Some occupations thrived after the dawn of computers. Others went extinct. In a new research paper, Tuck professor Steven Kahl D’91 explores why.
Every so often, new technologies emerge that change the nature of work and set off jurisdictional battles within corporations.This is happening today with the rise of big data and cloud computing, as different departments in organizations struggle to claim their authority over these areas.
To better understand these dynamics from an occupational perspective, Tuck professor Steven Kahl went back to the 1950s, when computers first started appearing in businesses. In a paper recently published in the journal Organization Science, Kahl and his co-authors studied systems men, who squeezed efficiencies out of firms through work-flow process improvements and controlling the dissemination of information, and production planners, whose domain was the material requirements for manufacturing.
Both professions had a similar reaction to computers: How can we use this new technology to expand and solidify our control over our work and improve our position in the firm?
Forty years later, systems men were pretty much gone and production planners grew to become a 60,000-worker-strong professional group. What happened? Kahl traces the failure and success of these two occupations to the different ways they framed their role in the unfolding age of computers.
“This is a story of how technological change creates an opportunity for people to redraw jurisdictional boundaries,” Kahl says, “and how you win or lose those battles.” It’s a delicate undertaking. On the one hand, new technology can make you more productive and more accurate. That’s a winning result. But on the other hand, it can be an excuse for a higher-status position, such as an engineer, to co-opt your work and make it part of his own. That spells obsolescence.
Technological change creates an opportunity for people to redraw jurisdictional boundaries.
Systems men, who reported to the accounting department, were always a little defensive about their status in the firm. They saw computers as a way for them to more easily disperse information across the organization (through a model they called management information systems or MIS) and, more to the point, as an empowering tool to give them more authority. Production planners, who reported to manufacturing, also looked at computers opportunistically, because it could help them automate an operations process that was cumbersome and time consuming. They hoped computerization would make them more essential to the firm’s success. “The production planners wondered how they could become more important,” Kahl says. “The systems men said, We should be in the upper echelons of management.”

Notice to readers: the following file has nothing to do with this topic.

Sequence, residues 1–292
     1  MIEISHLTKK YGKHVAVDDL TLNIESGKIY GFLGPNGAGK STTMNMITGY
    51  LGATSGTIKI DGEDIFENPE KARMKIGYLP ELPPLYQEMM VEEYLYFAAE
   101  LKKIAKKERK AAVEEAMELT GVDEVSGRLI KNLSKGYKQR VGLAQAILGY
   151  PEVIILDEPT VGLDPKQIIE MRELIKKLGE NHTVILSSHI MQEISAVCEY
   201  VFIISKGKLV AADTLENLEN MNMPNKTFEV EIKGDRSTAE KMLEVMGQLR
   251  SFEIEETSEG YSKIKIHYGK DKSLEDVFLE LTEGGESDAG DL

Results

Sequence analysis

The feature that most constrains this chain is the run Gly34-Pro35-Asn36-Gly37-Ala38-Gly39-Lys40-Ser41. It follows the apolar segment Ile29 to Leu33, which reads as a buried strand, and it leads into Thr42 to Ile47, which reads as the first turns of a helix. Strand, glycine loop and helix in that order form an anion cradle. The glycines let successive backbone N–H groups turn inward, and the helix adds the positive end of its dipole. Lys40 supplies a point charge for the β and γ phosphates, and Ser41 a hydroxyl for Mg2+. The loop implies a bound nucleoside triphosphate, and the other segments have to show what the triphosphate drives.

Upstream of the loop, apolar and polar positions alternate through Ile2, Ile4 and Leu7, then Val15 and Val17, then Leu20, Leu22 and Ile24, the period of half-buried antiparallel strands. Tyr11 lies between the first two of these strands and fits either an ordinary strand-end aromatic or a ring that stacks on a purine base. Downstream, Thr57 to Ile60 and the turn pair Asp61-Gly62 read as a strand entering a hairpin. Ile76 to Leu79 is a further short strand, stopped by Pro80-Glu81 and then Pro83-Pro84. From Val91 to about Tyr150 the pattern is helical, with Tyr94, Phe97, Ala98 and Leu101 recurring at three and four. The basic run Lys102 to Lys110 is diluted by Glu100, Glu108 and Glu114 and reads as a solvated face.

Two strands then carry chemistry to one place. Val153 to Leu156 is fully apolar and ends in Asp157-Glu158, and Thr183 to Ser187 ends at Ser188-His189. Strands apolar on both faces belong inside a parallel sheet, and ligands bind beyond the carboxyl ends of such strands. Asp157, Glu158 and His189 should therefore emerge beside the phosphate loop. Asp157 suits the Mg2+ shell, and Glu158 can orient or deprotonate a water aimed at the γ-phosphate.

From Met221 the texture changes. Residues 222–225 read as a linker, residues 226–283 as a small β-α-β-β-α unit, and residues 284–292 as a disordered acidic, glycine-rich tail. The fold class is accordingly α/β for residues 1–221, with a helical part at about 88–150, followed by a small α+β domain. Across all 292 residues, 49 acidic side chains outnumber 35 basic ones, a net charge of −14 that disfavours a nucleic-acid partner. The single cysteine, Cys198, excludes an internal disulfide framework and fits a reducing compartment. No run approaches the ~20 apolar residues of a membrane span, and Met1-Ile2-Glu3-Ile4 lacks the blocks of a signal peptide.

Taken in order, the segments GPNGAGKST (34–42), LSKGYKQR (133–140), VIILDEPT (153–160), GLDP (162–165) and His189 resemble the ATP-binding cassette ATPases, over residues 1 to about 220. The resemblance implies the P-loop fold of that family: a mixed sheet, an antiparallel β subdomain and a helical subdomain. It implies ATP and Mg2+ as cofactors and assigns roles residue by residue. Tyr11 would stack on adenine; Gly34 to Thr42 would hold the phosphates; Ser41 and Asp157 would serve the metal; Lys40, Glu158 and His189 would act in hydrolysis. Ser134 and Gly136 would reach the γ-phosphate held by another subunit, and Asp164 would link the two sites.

Those differing desires greatly affected how the two occupations attempted to evolve with computers. Systems men, preoccupied with their own identity within the firm, tried to show how computers made them different from everyone else. The problem was, management wasn’t buying it.
Production planners, however, took a more integrative approach. They framed their tasks as interdependent with the other main departments of the firm. And they interfaced with other groups much more often. As Kahl shows in the paper, production planner conferences frequently featured guest speakers from other lines of work, such as engineering, sales and marketing, and purchasing. Conferences for systems men, meanwhile, rarely included people from different groups. In sum, systems men took a more authoritative approach, trying to convince others to defer to them. Production planners were more social and relational, and that proved more effective.
This was a somewhat surprising result for Kahl. Most of the literature on this topic says long-term occupational survival depends on maintaining control over tasks and being recognized as an expert in a domain. “What struck me, in this case, is that in order to maintain that authority, you should be more integrative and relational with potential rivals,” Kahl says.
Occupational Survival Through Field-Level Task Integration: Systems Men, Production Planners, and the Computer, 1940s-1990s. Steven J. Kahl, Brayden G. King, and Greg Liegel. Organization Science, October 2016.